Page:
Flawless

Why I Replaced My Foundation With a Color-Correcting Moisturizer

Dr. Jart's Cicapair Tiger Grass Treatment is worth every bit of the hype you've heard on TikTok.
green jar of the Dr. Jart Cicapair Tiger Grass Color Correcting Treatment selfie of Devon Abelman with glowing skin
Devon Abelman/Allure

My New Year's beauty resolution for 2020 was to wear less foundation. And until I saw the Dr. Jart Cicapair Tiger Grass Color Correcting Treatment all over my TikTok For You Page and finally tried the K-beauty product out myself, I made very little progress toward that goal. 

The silky cream has a slight greenish hue and is meant to work like a tinted moisturizer, color corrector, and sunscreen with SPF 30 all rolled into one jar. The mint hue is likely from the centella asiatica leaf (aka cica) water, which is extracted from the herbal plant that's indigenous to Asian wetlands. Like aloe and chamomile, cica "is believed to soothe and repair irritated skin," Ellen Marmur, a New York City-based board-certified dermatologist, has shared with Allure

Along with its anti-inflammatory properties, it's also rich in chlorophyll, which can fortify the skin's internal structure and allow the moisture barrier to work even better. All that is the scientific way of saying not only does cica work to quell redness (from zits, irritation, dryness), but it can also help improve the long-term youthfulness of your complexion. 

"Cica boosts circulation and blood flow to the skin, decreases moisture loss, and aids in cellular repair," adds Shari Marchbein, a board-certified dermatologist and clinical assistant professor of dermatology at New York University School of Medicine. "Skin, therefore, appears more hydrated and less inflamed."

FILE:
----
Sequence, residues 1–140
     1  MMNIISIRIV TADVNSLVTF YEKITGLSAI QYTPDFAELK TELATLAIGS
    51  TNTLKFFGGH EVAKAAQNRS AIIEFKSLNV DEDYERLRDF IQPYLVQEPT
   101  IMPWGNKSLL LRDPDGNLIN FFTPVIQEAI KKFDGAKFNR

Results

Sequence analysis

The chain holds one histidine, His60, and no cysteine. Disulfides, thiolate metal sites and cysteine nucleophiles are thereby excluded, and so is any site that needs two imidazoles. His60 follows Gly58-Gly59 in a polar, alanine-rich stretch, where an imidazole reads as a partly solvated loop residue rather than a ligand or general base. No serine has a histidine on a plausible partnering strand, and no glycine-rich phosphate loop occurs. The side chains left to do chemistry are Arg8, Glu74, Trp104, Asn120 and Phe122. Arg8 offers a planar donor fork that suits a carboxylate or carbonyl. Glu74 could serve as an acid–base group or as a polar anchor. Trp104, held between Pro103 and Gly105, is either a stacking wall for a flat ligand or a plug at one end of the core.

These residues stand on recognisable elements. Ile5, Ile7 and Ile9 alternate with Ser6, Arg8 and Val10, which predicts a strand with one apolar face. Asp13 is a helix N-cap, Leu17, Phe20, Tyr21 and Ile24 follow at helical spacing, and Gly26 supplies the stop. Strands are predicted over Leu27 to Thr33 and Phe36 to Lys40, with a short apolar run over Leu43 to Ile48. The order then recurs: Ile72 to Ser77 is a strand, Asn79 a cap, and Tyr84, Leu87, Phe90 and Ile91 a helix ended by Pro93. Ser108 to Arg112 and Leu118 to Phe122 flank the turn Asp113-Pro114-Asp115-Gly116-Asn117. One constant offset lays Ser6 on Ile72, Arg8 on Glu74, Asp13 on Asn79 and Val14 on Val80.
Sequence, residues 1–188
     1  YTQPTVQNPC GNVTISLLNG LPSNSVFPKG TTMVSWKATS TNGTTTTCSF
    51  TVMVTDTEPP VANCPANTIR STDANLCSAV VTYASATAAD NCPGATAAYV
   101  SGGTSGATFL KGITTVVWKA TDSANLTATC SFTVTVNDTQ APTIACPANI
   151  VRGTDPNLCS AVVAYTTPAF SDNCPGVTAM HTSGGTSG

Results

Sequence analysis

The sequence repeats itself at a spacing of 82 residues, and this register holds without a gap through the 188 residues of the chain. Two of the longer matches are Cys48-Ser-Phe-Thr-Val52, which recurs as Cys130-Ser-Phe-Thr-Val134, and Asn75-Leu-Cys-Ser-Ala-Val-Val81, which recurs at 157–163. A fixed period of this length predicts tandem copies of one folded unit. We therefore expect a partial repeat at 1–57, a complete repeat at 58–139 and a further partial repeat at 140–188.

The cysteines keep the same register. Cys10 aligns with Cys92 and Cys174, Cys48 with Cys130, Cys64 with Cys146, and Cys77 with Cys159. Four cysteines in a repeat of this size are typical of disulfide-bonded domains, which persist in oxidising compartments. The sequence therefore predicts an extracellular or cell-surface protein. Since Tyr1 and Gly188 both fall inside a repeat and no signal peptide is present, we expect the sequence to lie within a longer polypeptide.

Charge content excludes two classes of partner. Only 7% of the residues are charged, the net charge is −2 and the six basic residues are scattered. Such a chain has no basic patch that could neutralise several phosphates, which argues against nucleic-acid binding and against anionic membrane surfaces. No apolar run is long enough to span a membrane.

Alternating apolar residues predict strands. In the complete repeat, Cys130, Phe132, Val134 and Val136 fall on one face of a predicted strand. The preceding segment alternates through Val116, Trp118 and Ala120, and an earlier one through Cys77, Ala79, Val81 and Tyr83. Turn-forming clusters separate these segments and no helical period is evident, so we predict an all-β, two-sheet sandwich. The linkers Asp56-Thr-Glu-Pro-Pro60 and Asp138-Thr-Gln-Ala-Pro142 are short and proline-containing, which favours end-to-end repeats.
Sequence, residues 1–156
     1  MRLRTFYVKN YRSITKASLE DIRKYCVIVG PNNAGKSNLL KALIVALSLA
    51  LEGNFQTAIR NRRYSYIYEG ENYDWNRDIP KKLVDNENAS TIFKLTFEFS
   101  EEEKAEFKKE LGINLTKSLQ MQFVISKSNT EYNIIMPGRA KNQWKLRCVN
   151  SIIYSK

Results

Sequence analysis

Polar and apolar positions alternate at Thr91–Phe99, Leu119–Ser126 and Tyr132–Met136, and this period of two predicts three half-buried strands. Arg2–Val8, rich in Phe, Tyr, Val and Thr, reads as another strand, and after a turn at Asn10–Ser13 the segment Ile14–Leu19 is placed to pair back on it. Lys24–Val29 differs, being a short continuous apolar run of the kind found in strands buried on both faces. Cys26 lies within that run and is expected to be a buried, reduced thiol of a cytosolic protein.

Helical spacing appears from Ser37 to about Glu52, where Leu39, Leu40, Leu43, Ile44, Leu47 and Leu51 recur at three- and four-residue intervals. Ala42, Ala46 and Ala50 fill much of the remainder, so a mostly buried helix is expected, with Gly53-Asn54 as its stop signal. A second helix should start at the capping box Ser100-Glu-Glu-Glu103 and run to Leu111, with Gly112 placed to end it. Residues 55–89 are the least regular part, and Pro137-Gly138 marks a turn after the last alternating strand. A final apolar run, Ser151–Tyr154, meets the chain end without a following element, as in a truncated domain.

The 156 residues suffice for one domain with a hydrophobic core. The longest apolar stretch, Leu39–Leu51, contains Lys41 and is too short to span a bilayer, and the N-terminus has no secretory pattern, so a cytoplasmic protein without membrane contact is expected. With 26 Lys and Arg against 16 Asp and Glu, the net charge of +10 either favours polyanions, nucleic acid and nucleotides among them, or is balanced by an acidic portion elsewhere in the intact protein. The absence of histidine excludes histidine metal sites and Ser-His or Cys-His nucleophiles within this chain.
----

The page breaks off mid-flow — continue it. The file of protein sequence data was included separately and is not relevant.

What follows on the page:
It's worth mentioning the elixir also has some powerful moisturizers (glycerin, beeswax) and physical sunscreens (zinc oxide, titanium dioxide), but centella asiatica is the star of the show. 

Although the cream is mossy green in its jar and looks more like a clay mask than a moisturizer, it does a magic trick once it melts into skin. I usually warm a dime-sized amount up between my hands before pressing them onto my face. Then, I gently rub it in.  As I do so, the mint transforms into a beige hue that matched my skin tone. It's basically foolproof. You can do it perfect your skin without a mirror if you need to. 

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With constantly pink skin and hormonal acne, this color-changing element neutralizes all the issues I typically turn to foundation to solve by canceling out redness with the green and peach tones. My complexion almost immediately starts appearing even, brighter, matte, and moisturized. Some mornings, I can leave the house with just the treatment and a swipe of mascara. My foundation days may just be numbered in 2021. 

The Dr. Jart Cicapair Tiger Grass Color Correcting Treatment does come with one caveat. The green formula doesn't blend well on deeper skin tones. I tried it on a couple of intrepid beauty gurus in the office who don't have light to medium complexions, and the cream made the testers' hands have a gray cast. (If you are still interested in the no-makeup look, you can follow these tips.) However, if you're a pale girl like me, you can buy the color-correcting treatment now for $52 on sephora.com.

All products featured on Allure are independently selected by our editors. However, when you buy something through our retail links, we may earn an affiliate commission.


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